over a slow dial-up link can confirm, whether the images on the web page
are 72 or 600 DPI makes a big difference in the overall user
So, if we learned to
optimize the images in order to improve the bandwidth utilization in
front of the web server, why do we so casually waste the bandwidth
behind it? There are two things that I see time and time again:
retrieving a lot of data from a database, performing some simple
processing on it, and storing it back in a database.
application retrieving significantly more data than it really needs.
For example, I've seen large object graphs loaded from database using
multiple queries in order to populate a simple drop-down box.
The first scenario above is an
example of the situation where moving the processing instead of data
makes much more sense, whether your data is in a database or in
Coherence (although, in the former case doing so might have a negative
impact on the scalability, and you might actually decide to sacrifice
performance in order to allow the application to scale).
The second scenario is
typically a consequence of the fact that we try to reuse the same
objects we use elsewhere in the application, even when it makes no sense
to do so. If all you need is an identifier and a description, it
probably makes sense to load only those two attributes from the data
store and move them across the wire.
In any case, keeping an eye
on how network bandwidth is used both on the frontend and on the
backend is another thing that you, as an architect, should be doing
habitually if you care about performance.
Coherence and performance
Coherence has powerful features that directly address the problems of latency and bandwidth.
First of all, by caching data
in the application tier, Coherence allows you to avoid disk I/O on the
database server and transformation of retrieved tabular data into
objects. In addition to that, Coherence also allows you to cache
recently used data in-process using its near caching feature, thus
eliminating the latency associated with a network call that would be
required to retrieve a piece of data from a distributed cache.
feature that can significantly improve performance is its ability to
execute tasks in parallel, across the data grid, and to move processing
where the data is, which will not only decrease latency, but preserve
network bandwidth as well.
features is important. It will be much easier to scale the application
if it performs well-you simply won't have to scale as much.
Achieving high availability
The last thing we need to talk about is availability.
At the most basic level, in order to make the application highly
available we need to remove all single points of failure from the
architecture. In order to do that, we need to treat every single
component as unreliable and assume that it will fail sooner or later.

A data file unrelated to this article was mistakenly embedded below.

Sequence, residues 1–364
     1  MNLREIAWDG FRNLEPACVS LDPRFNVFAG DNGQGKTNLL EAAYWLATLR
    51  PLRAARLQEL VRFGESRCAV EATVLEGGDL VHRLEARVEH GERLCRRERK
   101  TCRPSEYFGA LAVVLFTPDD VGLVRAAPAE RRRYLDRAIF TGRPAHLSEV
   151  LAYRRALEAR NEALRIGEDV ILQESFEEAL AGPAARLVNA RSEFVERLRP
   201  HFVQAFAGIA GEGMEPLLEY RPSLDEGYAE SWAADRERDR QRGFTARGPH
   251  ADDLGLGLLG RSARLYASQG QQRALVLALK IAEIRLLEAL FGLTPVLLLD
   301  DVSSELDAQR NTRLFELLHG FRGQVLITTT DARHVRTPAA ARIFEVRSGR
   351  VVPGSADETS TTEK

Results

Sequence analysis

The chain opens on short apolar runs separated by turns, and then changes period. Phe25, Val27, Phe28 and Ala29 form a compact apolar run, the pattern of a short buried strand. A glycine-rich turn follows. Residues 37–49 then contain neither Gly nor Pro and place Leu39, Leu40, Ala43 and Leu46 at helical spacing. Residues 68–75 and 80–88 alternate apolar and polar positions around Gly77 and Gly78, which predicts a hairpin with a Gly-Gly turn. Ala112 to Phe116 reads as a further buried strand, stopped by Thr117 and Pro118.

It is important to realize
that the availability of the system as a whole can be defined as the
product of the availability of its tightly coupled components:
AS = A1 * A2 * ...* An
For example, if we have a web
server, an application server, and a database server, each of which is
available 99% of the time, the expected availability of the system as a
whole is only 97%:
0.99 * 0.99 * 0.99 = 0.970299 = 97%
This reflects the fact that if
any of the three components should fail, the system as a whole will fail
as well. By the way, if you think that 97% availability is not too bad,
consider this: 97% availability implies that the system will be out of
commission 11 days every year, or almost one day a month!
We can do two things to improve the situation:
The latter is
typically achieved by introducing asynchrony into the system. For
example, you can use messaging to decouple a credit card processing
component from the main application flow-this will allow you to accept
new orders even if the credit card processor is temporarily unavailable.
is able to queue updates for a failed database and write them
asynchronously when the database becomes available. This is another good
example of using asynchrony to provide high availability.
Although the asynchronous
operations are a great way to improve both availability and scalability
of the application, as well as perceived performance, there is a limit
to the number of tasks that can be performed asynchronously in a typical
application. If the customer wants to see product information, you will
have to retrieve the product from the data store, render the page, and
send the response to the client synchronously.
To make synchronous operations highly available our only option is to make each component redundant.
Adding redundancy to the system
In order to explain how
redundancy helps improve availability of a single component, we need to
introduce another obligatory formula or two :
F = F1 * F2 * ... * Fn
Where F is the
likelihood of failure of a redundant set of components as a whole, and